Over the last few weeks, our lectionary readings have covered some monumental topics related to discipleship. Today’s reading takes us in an entirely different direction. It’s a passage from Matthew that addresses how we should be the church together and, more specifically, how we should be the church in times of conflict with one another. The Gospels only use the word “church” twice, both in Matthew. And if you’re wondering why Jesus is talking about “the church” before the formation of “the church,” you’re asking a good question! Most likely Matthew, dealing with the ups and downs of the early church, has drawn on Jesus wisdom and language in order to speak an important word to the church community.
And the word he speaks is related to conflict. Here Jesus offers a model for what to do when another member of the church family “sins against” us. And while this might seem a little mundane compared to great themes about discipleship, it’s an important and necessary word. Any of us who have been a part of a church community know that conflict isn’t a matter of “if,” it’s a matter of “when.” Inevitably, when we are bound together in community, there will be love and grace but also struggle and conflict. It’s part of our human condition.
Jesus’ words via Matthew challenge us to think about how being part of a church community is different than being part of any other community. Because, for the most part, if we join a group and someone in the group offends us, we’ll have no qualms about leaving. But our passage for Sunday suggests that when we are part of a faith community, a family of faith, we are bound together in a different way. And, therefore, we address conflict in a different way, taking the initiative to seek genuine reconciliation before wounds and grudges and misunderstandings get out of hand. This passage encourages us to think of ourselves not simply as autonomous individuals but as members of one body, the body of Christ.
I hope you’ll join us on Sunday as we grapple with this topic. This Sunday we will also celebrate our oneness in the body of Christ by celebrating Holy Communion. Feel free to prepare your space with a candle or other sacred symbols. Gather your elements, a roll or cracker and some juice or water, and we’ll share together in these signs of God’s grace that sustain us. You are also welcome, each week, to join the Wednesday Bible Study that reviews the sermon topic from the previous Sunday and reflects on the questions that are listed below. If you’re interested in joining us from 11:30 to 12:30 on Wednesdays, please notify the church office or Pastor Lori and we’ll send you the Zoom link. Looking forward to being together on Sunday!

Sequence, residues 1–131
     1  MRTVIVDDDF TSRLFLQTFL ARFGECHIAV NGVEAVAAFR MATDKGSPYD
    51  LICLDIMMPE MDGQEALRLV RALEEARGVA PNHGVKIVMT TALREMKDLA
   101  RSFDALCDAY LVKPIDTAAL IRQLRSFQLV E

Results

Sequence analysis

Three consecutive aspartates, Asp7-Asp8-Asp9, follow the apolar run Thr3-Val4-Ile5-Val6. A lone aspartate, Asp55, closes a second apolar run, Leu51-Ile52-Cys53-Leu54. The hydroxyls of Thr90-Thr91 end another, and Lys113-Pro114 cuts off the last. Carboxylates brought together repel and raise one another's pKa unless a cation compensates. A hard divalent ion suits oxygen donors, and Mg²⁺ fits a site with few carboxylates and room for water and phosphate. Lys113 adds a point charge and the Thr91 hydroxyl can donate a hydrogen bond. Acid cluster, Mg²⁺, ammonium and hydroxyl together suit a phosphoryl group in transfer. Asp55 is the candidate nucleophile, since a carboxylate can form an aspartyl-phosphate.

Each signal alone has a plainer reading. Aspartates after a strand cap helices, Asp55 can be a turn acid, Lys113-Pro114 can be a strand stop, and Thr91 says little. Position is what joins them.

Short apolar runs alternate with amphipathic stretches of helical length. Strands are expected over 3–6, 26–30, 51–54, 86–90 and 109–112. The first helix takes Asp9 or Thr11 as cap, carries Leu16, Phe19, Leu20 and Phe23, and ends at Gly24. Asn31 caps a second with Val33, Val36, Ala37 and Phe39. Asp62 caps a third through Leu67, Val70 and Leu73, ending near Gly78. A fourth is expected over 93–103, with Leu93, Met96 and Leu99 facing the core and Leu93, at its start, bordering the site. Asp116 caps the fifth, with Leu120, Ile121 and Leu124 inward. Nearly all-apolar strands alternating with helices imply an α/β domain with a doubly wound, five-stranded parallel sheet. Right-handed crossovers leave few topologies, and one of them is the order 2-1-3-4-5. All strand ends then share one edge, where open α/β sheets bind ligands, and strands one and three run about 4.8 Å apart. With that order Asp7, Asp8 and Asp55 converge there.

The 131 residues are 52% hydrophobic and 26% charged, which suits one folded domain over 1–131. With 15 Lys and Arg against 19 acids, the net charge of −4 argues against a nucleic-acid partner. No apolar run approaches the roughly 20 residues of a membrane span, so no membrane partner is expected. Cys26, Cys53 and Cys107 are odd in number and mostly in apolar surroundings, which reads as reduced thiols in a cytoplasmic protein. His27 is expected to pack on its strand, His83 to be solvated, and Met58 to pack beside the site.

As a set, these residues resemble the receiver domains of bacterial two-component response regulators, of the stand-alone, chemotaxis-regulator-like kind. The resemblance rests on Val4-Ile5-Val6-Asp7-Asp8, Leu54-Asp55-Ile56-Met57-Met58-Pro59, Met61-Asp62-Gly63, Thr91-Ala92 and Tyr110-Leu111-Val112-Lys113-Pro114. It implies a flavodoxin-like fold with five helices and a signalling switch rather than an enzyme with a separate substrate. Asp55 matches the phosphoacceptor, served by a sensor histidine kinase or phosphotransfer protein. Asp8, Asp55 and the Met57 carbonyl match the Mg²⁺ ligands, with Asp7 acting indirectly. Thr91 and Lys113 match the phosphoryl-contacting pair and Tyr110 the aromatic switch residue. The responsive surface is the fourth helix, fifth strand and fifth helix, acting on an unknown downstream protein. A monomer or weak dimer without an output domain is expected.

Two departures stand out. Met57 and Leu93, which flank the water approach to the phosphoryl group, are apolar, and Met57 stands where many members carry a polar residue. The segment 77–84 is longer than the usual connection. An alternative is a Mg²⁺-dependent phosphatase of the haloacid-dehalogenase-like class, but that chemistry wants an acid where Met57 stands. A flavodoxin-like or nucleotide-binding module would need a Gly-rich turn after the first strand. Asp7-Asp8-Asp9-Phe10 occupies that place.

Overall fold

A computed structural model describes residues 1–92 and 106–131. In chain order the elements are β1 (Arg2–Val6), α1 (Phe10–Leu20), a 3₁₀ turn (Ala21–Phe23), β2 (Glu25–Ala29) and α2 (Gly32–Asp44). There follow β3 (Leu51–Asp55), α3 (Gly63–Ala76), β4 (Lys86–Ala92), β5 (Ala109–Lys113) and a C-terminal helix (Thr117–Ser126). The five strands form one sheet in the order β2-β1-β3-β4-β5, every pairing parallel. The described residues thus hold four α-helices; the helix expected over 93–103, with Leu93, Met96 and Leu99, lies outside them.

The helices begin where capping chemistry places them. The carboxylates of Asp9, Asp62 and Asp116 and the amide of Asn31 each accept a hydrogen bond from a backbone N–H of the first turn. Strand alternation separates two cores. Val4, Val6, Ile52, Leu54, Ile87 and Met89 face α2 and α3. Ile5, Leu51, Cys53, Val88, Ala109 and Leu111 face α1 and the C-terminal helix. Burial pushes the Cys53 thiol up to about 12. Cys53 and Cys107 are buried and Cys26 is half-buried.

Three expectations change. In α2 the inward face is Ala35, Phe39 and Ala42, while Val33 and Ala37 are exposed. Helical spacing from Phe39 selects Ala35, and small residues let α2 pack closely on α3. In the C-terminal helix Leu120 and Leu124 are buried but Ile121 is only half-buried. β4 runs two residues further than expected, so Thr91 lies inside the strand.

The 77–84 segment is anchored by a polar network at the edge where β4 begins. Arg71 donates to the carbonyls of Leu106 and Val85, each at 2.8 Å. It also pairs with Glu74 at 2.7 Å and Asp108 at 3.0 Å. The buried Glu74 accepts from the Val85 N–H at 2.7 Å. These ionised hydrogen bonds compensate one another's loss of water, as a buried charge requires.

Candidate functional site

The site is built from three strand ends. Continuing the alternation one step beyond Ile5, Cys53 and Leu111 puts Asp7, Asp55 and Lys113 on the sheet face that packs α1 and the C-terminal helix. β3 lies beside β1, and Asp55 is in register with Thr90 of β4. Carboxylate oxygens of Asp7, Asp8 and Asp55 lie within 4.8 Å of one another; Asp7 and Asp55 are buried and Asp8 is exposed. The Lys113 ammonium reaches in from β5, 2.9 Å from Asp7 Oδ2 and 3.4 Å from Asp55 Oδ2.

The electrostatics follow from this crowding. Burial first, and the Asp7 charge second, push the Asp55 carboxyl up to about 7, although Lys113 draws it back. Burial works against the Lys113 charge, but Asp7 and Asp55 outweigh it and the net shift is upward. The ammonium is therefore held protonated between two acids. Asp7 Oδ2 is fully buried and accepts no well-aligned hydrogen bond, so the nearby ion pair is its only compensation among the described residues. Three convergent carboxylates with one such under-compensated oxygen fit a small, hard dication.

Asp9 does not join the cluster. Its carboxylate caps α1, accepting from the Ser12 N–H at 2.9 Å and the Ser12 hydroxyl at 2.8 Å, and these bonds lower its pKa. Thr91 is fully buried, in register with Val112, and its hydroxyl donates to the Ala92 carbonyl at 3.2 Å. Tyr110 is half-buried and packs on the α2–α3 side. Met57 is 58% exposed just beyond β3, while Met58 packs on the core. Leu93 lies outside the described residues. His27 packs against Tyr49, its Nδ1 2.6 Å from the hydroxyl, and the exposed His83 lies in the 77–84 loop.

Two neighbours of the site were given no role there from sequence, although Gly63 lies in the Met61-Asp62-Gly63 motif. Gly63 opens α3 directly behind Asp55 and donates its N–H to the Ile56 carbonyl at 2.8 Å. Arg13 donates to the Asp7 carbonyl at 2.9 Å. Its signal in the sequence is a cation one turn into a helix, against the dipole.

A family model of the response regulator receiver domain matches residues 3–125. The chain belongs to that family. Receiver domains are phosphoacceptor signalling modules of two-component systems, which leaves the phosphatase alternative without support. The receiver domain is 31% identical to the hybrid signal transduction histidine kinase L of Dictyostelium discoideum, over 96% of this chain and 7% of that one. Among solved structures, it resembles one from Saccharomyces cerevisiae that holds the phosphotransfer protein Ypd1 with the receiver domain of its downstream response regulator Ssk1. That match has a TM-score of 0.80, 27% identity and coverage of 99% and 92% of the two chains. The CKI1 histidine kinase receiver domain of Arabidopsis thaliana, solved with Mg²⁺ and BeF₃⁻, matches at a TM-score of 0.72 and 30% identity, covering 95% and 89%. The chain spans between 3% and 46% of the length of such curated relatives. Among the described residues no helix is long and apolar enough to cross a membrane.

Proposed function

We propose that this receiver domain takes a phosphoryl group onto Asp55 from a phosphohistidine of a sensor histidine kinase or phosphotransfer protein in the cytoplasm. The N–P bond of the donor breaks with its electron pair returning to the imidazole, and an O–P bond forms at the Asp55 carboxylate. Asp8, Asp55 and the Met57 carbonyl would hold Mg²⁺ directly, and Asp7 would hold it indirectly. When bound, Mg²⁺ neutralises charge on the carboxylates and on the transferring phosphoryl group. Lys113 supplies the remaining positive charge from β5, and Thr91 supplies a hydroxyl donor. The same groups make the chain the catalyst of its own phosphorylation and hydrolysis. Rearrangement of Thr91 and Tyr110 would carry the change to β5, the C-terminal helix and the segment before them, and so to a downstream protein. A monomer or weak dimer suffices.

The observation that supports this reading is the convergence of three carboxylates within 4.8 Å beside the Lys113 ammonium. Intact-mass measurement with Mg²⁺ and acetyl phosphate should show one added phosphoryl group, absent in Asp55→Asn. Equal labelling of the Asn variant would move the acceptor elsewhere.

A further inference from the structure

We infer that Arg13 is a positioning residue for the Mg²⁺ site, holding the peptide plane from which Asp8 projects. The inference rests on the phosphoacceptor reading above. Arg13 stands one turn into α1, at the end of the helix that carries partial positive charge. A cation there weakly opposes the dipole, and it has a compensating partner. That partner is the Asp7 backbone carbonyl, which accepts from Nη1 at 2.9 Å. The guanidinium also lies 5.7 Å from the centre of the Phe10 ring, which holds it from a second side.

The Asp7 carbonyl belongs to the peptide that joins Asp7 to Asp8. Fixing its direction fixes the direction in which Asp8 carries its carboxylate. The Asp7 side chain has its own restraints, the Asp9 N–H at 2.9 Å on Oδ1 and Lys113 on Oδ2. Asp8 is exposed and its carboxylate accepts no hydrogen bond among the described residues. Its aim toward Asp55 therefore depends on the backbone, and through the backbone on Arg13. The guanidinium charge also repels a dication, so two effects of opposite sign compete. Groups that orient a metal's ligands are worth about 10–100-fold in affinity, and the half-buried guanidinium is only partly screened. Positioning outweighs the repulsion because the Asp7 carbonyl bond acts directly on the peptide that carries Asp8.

Matthew 18:15-20 (CEB)
“If another member of the church sins against you, go and point out the fault when the two of you are alone. If the member listens to you, you have regained that one. But if you are not listened to, take one or two others along with you, so that every word may be confirmed by the evidence of two or three witnesses. If the member refuses to listen to them, tell it to the church; and if the offender refuses to listen even to the church, let such a one be to you as a Gentile and a tax collector. Truly I tell you, whatever you bind on earth will be bound in heaven, and whatever you loose on earth will be loosed in heaven. Again, truly I tell you, if two of you agree on earth about anything you ask, it will be done for you by my Father in heaven. For where two or three are gathered in my name, I am there among them.”
Consider these questions:
- How is being part of a Church different than being part of any other community or organization?
- Do you expect something different/more from yourself? Others?
- How do you personally deal with conflict?
- What has been your experience of conflict in the church? How have you seen it dealt with positively? Negatively?
How is being part of a Church different than being part of any other community or organization?
These church members recognize–often in varying ways–a life in God together. Thich Nhat Hanh describes the “inter-being” in time and space of each of us and all beings in one fabric. He talks about the extensions from the past into the present, and from the present into the future. As a Christian, this extension has specific resonance with me.
For Some Reason, my Olivewood Bible app would not open, so I googled the Matthew passage and found a commentary that explained how some people take this passage to mean that ALL sin should be confronted this way. No, the conservative commentator said, only when someone has sinned AGAINST YOU. The same commentator also said that church leaders and church members who are accused of sin invalidate the accuser by asking if they have followed the steps in Matthew.